Date of Award

Spring 5-7-2011

Degree Type


Degree Name

Doctor of Philosophy (PhD)


Applied Linguistics and English as a Second Language

First Advisor

John Murphy

Second Advisor

Diane Belcher

Third Advisor

Stephanie Lindemann

Fourth Advisor

Eric Friginal


The purpose of the present study is to expand our current understanding of second language classroom discourse by exploring how four English as a second language (ESL) teachers working in an intensive English program structurally organize classroom language lessons through the use of language; how students and teachers perceive the functions of the various stages in a lesson; how teachers prepare for their language lessons; and how various discourses and texts in this teaching context influence teachers‘ spoken discourse in the classroom. In order to carry out the exploratory study of language lessons, a multidimensional genre-oriented approach is utilized that is sensitive to both textual and contextual analyses of language lessons.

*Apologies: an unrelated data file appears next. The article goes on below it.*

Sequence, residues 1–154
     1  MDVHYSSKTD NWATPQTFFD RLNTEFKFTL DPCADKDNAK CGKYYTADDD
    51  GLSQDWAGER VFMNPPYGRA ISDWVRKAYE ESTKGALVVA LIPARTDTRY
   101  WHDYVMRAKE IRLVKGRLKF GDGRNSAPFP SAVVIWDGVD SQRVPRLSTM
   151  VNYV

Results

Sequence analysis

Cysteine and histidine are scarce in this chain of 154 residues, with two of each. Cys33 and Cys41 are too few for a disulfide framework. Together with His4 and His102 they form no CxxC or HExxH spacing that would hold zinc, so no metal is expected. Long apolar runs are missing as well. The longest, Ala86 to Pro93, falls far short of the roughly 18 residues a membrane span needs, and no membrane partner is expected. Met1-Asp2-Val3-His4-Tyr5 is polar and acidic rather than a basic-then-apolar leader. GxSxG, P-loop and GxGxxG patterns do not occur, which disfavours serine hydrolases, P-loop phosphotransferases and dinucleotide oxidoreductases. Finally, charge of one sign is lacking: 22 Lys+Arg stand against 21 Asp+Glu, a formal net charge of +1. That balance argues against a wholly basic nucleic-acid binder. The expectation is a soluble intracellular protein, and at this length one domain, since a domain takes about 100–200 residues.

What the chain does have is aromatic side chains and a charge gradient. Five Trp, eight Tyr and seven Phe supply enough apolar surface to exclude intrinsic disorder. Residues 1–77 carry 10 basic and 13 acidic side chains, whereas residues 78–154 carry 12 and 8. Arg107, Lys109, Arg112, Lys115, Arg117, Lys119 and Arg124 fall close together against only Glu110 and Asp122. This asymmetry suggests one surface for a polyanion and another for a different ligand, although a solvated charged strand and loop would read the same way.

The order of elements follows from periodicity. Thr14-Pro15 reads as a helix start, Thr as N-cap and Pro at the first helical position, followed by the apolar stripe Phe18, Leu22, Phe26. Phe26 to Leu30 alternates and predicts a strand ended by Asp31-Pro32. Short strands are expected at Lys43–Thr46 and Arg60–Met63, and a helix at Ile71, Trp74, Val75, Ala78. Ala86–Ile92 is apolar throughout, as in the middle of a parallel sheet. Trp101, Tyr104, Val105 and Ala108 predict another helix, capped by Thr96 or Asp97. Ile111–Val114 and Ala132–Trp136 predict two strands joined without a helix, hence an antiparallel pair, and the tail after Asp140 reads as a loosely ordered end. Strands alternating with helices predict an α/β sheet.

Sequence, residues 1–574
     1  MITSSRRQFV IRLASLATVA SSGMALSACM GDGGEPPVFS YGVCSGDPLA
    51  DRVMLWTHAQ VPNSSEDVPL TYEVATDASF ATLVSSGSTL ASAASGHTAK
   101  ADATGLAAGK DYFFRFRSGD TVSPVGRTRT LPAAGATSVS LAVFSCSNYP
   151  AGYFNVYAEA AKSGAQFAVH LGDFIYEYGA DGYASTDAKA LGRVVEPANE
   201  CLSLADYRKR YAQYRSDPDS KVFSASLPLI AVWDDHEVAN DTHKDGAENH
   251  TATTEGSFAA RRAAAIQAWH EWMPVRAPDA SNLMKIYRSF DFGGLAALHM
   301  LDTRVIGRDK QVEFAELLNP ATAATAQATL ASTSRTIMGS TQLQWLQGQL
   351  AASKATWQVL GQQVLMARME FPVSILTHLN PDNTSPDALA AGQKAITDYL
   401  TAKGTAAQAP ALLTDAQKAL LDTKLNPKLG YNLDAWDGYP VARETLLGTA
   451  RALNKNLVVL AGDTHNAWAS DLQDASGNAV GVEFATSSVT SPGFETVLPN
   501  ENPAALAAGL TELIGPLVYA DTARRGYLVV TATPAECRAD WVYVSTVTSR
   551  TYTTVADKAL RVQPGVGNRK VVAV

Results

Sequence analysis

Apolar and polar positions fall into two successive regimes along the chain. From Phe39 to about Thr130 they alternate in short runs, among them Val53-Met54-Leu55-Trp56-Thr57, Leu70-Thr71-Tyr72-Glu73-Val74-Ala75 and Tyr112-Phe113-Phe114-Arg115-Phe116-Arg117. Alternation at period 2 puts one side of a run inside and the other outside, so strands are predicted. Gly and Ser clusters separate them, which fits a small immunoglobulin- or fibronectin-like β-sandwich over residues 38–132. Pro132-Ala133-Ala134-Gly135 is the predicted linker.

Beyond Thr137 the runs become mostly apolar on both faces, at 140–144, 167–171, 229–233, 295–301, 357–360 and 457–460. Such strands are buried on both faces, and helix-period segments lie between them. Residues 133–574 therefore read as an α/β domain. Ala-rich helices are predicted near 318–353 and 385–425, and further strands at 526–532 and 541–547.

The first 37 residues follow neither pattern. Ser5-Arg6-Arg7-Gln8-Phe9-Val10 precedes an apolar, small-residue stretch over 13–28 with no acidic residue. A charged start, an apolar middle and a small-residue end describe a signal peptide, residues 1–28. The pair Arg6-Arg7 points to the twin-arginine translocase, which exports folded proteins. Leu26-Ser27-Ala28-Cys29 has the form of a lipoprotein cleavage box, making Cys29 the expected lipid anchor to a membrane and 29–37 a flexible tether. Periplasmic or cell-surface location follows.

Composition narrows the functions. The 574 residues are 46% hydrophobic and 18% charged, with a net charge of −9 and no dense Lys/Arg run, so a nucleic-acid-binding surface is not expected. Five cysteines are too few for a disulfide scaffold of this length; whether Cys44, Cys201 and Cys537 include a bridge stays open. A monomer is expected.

The findings suggest that despite the spontaneous nature of classroom settings and sometimes improvised nature of classroom teaching, experienced ESL teachers have generated and internalized schemata of language lessons, which consists of a stable schematic structure and linguistic patterns that are recognizable by both teachers and students. However, rather than viewing a language lesson as a distinctive genre, the study suggests that it might be described more precisely as a sub-genre of the classroom discourse genre proper that shares broad communicative purposes with other classroom discourse sub-genres, although also maintaining its own distinct characteristics. Further, the analysis indicates that seven resources appear to interact in dynamic, dialogic, and complex ways as experienced teachers set about constructing lessons that are goal-oriented, activity-driven, cohesive, and meaningful for both themselves and their students. Finally, the results demonstrate that experienced teachers integrate various material resources in the classroom that influence their talk; consequently, a language lesson can be regarded as both a process and a product that is highly multimodal, multimedial, and intertextual. The study concludes with implications for genre studies, classroom discourse studies, and second language teacher education, and with suggestions for future research.